Rafting the Colorado is a fun and exciting way to see one the world's most spectacular natural formations, the Grand Canyon.
Grand Canyon National Park, a World Heritage Site, encompasses 1,218,375 acres and lies on the Colorado Plateau in northwestern Arizona. The land is semi-arid and consists of raised plateaus and structural basins typical of the southwestern United States. Drainage systems have cut deeply through the rock, forming numerous steep-walled canyons. Forests are found at higher elevations while the lower elevations are comprised of a series of desert basins. [National Park Service Excerpt]
The Grand Canyon is a colorful, steep-sided gorge, carved by the Colorado River, in northern Arizona. The canyon is one of the seven natural wonders of the world and is largely contained in the Grand Canyon National Park — one of the first national parks in the United States. President Theodore Roosevelt was a major proponent of the Grand Canyon area, visiting on numerous occasions to hunt mountain lions and enjoy the breathtaking scenery.
The canyon, created by the Colorado River cutting a channel over millions of years, is about 277 miles (446 km) long, ranges in width from 4 to 18 miles (6 to 29 kilometers) and attains a depth of more than a mile (1,600 m). Nearly 2000 million years of the Earth's history has been exposed as the Colorado River and its tributaries cut through layer after layer of sediment as the Colorado Plateaus have uplifted.
The Grand Canyon was first seen by a European in 1540, García López de Cárdenas from Spain. The first scientific expedition to the canyon was led by U.S. Major John Wesely Powell in the late 1870s. Powell referred to the sedimentary rock units exposed in the canyon as "leaves in a great story book." However, long before that, the area was inhabited by Native Americans who built settlements in the canyon walls.
The Grand Canyon is a very deep - in places even a mile deep - 277 mile (446 km) long cut in the Colorado Plateaus that exposes uplifted Proteozoic and Paleozoic strata. The exposed strata are gradually revealed by the gentle incline beginning at Lee's Ferry and continuing to Phantom Ranch. At the point where the river crosses the Grand Wash Fault (near Lake Mead) the Canyon ends.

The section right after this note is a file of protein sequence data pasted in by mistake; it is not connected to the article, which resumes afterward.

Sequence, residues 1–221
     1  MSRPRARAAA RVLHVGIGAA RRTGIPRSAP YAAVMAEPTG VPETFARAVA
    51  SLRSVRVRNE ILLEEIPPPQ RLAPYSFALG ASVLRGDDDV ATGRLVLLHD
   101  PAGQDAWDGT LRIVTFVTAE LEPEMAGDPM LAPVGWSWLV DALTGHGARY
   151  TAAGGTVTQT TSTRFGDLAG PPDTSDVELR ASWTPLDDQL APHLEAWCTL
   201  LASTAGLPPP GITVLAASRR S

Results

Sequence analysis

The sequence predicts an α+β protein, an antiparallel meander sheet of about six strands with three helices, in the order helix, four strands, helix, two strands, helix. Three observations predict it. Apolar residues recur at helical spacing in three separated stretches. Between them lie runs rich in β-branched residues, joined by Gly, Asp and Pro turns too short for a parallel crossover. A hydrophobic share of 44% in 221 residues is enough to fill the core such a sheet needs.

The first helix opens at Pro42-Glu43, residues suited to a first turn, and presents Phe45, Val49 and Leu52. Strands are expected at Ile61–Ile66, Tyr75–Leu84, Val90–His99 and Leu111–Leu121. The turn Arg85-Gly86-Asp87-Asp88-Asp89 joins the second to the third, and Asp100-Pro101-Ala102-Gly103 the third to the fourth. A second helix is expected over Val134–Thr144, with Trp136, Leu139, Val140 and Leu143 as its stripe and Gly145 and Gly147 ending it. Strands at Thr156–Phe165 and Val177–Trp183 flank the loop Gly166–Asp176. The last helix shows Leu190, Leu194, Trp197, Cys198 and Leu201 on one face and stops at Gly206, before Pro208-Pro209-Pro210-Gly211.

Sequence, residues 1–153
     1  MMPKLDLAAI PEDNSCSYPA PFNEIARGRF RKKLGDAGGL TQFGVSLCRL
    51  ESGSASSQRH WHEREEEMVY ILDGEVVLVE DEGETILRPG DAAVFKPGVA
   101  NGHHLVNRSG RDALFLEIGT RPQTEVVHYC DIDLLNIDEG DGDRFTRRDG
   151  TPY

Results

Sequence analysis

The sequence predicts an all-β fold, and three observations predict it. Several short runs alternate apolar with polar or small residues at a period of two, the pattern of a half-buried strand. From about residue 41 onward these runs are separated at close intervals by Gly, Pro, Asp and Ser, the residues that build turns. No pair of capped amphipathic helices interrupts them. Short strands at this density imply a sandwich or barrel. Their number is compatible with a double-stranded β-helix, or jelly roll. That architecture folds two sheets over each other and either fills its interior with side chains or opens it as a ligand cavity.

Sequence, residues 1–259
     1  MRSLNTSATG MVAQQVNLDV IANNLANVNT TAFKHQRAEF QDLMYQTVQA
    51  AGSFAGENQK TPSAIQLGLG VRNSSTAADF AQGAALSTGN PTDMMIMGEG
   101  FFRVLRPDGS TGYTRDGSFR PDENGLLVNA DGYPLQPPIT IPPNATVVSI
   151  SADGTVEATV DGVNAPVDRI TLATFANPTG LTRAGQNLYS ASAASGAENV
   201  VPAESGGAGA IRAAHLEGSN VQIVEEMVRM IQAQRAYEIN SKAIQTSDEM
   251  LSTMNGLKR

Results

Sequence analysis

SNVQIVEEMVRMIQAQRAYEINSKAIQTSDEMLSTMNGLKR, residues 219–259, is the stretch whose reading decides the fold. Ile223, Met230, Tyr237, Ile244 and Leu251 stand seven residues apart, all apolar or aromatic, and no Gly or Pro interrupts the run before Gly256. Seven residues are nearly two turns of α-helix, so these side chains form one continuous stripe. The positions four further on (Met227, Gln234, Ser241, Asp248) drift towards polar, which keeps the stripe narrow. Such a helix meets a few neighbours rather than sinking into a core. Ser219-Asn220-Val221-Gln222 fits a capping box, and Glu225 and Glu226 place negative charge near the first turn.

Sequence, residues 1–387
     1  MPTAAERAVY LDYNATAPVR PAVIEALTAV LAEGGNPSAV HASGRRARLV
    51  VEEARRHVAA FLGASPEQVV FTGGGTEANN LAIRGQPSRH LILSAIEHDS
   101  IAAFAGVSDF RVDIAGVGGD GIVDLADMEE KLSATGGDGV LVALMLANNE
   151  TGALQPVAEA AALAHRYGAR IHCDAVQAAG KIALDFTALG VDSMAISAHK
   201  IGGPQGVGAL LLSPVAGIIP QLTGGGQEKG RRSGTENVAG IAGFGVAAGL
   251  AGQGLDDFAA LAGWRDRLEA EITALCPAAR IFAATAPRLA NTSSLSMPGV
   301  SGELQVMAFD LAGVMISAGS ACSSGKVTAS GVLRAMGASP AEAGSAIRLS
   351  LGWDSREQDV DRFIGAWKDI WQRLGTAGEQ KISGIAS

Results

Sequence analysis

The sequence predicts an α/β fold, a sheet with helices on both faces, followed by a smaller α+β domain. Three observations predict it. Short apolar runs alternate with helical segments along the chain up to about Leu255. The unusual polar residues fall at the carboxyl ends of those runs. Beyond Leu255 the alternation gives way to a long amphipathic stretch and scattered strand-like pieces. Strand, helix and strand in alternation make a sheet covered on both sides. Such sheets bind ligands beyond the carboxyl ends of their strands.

Uplift associated with plate tectonics-caused mountain building events later moved these sediments thousands of feet upward and created the Colorado Plateaus. The higher elevation has also resulted in greater precipitation in the Colorado River drainage area, but not enough to change the Grand Canyon area from being semi-arid. Landslides and other mass wasting events then caused headward erosion and stream capture - all of which tend to increase the depth and width of canyons in arid environments.
The uplift of the Colorado Plateaus is uneven, resulting in the North Rim of the Grand Canyon being over a thousand feet (about 300 meters) higher than the South Rim. The fact that the Colorado River flows closer to the South Rim is also explained by this asymmetrical uplift. Almost all runoff from the plateau behind the North Rim (which also gets more rain and snow) flows toward the Grand Canyon, while much of the runoff on the plateau behind the South Rim flows away from the canyon (following the general tilt). The result is much greater erosion and thus faster widening of the canyon and its tributary canyons north of the Colorado River.
Temperatures on the North Rim are generally lower than the South Rim because of the greater elevation (8000 feet/2438 m above sea level). Heavy snowfall is common during the winter months. Views from the North Rim tend to give a better impression of the expanse of the canyon rather than the views down which characterize the South Rim.
The Havasupai Indian Reservation is in a large tributary canyon on the south side of the Colorado River; it is administered by the Havasupai Indian Tribe.
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